The how to obtain an access token article provides step by step instructions for getting started.

With your token ready you can make your fist API call from IEx:

⌘ ~/dev/domaining ❯ iex -S mix
Erlang/OTP 19 [erts-8.2] [source] [64-bit] [smp:4:4] [async-threads:10] [hipe] [kernel-poll:false] [dtrace]

Interactive Elixir (1.3.4) - press Ctrl+C to exit (type h() ENTER for help)
iex(1)> client = %Dnsimple.Client{access_token: "TOKEN", base_url: "https://api.sandbox.dnsimple.com/"}
iex(2)> {:ok, response} = Dnsimple.Identity.whoami(client)

10:16:02.858 [debug] [dnsimple] GET https://api.sandbox.dnsimple.com/v2/whoami
{:ok,
 %Dnsimple.Response{data: %Dnsimple.Whoami{account: %Dnsimple.Account{email: "javier@dnsimple.com",
    id: 63, plan_identifier: "dnsimple-professional"}, user: nil},
  http_response: %HTTPoison.Response{body: "{\"data\":{\"user\":null,\"account\":{\"id\":63,\"email\":\"javier@dnsimple.com\",\"plan_identifier\":\"dnsimple-professional\",\"created_at\":\"2014-07-02T14:15:56Z\",\"updated_at\":\"2016-12-14T08:44:06Z\"}}}",
   headers: [{"Server", "nginx"}, {"Date", "Fri, 30 Dec 2016 09:16:03 GMT"},
    {"Content-Type", "application/json; charset=utf-8"},
    {"Transfer-Encoding", "chunked"}, {"Connection", "keep-alive"},
    {"X-RateLimit-Limit", "2400"}, {"X-RateLimit-Remaining", "2399"},
    {"X-RateLimit-Reset", "1483092963"},
    {"ETag", "W/\"d01b8b299498e2b3d9207dee0a2c92a1\""},
    {"Cache-Control", "max-age=0, private, must-revalidate"},
    {"X-Request-Id", "507de94f-f7ba-4b4f-b806-8d161fc3872b"},
    {"X-Runtime", "0.023295"}, {"X-Content-Type-Options", "nosniff"},
    {"X-Download-Options", "noopen"}, {"X-Frame-Options", "DENY"},
    {"X-Permitted-Cross-Domain-Policies", "none"},
    {"X-XSS-Protection", "1; mode=block"},
    {"Strict-Transport-Security", "max-age=31536000"}], status_code: 200},
  pagination: nil, rate_limit: 2400, rate_limit_remaining: 2399,
  rate_limit_reset: 1483092963}}
iex(3)> response.data
%Dnsimple.Whoami{account: %Dnsimple.Account{email: "javier@dnsimple.com",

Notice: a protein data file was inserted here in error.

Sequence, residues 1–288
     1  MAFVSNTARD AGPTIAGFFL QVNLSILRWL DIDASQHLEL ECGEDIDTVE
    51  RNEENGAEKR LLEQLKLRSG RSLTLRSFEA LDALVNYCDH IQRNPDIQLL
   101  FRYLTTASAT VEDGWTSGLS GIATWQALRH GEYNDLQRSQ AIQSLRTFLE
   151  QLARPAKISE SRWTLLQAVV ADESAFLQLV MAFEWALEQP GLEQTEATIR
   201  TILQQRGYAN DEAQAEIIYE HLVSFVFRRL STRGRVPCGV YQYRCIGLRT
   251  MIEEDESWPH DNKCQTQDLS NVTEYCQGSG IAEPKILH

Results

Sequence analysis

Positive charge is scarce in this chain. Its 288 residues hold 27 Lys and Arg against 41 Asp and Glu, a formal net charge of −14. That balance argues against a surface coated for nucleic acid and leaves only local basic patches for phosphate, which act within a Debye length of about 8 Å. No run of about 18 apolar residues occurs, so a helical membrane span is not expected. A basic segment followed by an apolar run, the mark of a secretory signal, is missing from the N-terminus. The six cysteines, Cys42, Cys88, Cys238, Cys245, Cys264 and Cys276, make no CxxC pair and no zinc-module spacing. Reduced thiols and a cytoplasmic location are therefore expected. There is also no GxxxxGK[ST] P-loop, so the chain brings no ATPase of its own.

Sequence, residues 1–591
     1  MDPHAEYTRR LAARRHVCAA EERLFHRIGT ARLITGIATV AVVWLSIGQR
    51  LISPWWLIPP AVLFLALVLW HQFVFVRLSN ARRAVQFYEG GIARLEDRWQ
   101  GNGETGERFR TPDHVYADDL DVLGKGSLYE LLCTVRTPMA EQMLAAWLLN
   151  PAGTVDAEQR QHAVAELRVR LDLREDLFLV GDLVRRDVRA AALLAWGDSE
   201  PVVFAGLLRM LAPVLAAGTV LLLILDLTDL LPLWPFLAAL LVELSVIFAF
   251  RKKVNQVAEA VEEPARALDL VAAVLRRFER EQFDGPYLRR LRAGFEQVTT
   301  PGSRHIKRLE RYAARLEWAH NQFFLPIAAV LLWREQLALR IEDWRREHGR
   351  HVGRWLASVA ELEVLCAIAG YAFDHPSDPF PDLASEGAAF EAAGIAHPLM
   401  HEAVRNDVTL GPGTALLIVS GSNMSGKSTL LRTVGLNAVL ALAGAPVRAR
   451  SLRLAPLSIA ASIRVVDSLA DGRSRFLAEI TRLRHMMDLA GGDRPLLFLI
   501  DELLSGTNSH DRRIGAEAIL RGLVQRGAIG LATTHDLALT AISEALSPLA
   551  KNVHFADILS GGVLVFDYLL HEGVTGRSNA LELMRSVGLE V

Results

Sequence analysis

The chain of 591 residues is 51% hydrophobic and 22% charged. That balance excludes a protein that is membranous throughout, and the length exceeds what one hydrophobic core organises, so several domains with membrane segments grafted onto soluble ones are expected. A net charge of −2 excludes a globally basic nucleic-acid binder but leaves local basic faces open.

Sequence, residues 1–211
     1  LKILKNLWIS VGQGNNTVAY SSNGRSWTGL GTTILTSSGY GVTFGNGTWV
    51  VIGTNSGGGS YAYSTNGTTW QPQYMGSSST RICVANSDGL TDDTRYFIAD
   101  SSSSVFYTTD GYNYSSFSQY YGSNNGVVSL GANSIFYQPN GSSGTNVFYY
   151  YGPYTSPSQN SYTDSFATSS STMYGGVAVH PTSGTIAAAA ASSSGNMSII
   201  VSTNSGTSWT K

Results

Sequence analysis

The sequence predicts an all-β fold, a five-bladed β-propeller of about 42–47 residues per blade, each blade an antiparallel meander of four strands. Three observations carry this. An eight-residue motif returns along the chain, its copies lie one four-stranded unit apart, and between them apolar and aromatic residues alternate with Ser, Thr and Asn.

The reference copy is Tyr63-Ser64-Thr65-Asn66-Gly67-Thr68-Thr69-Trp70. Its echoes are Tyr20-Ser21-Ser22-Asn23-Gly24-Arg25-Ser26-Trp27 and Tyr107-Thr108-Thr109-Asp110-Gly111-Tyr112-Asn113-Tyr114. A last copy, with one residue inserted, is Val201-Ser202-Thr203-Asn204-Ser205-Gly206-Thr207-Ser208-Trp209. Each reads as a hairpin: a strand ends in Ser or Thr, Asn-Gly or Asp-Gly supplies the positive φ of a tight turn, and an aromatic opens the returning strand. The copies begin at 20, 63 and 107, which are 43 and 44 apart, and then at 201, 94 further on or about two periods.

id: 63, plan_identifier: "dnsimple-professional"}, user: nil}

As you can see we have pattern matched the value returned by the call to Dnsimple.Identity.whoami to capture the response. Then we have extracted the data of the response by checking the data key of the returned struct. This is a pattern that you will repeat all the time when using the DNSimple Elixir API client.

Finding out your account id

There is one important bit of information in that response: your account_id. In my case my account_id on the sandbox environment is 63.

If you look through the different endpoints of the API you will see that you have to provide this value in most of them. There are several reasons for this which have been documented already and we are not going to repeat here.

If your app is always going to use the same account you can hard-code this value (or put it in a configuration setting). However, when your application deals with different users, you will have to provide a different account_id for each of them.

Wrapping up

That is all! Here is what you have achieved thus far:

  • You have a DNSimple account ready on the sandbox environment.
  • You have installed the dnsimple Elixir API client.
  • You have created a new mix app and configured dnsimple as a dependency.
  • You have generated an access_token that you can use to make API calls.
  • You have made your first call to the DNSimple API.

Now you are ready to grow the domaining app as much as you want.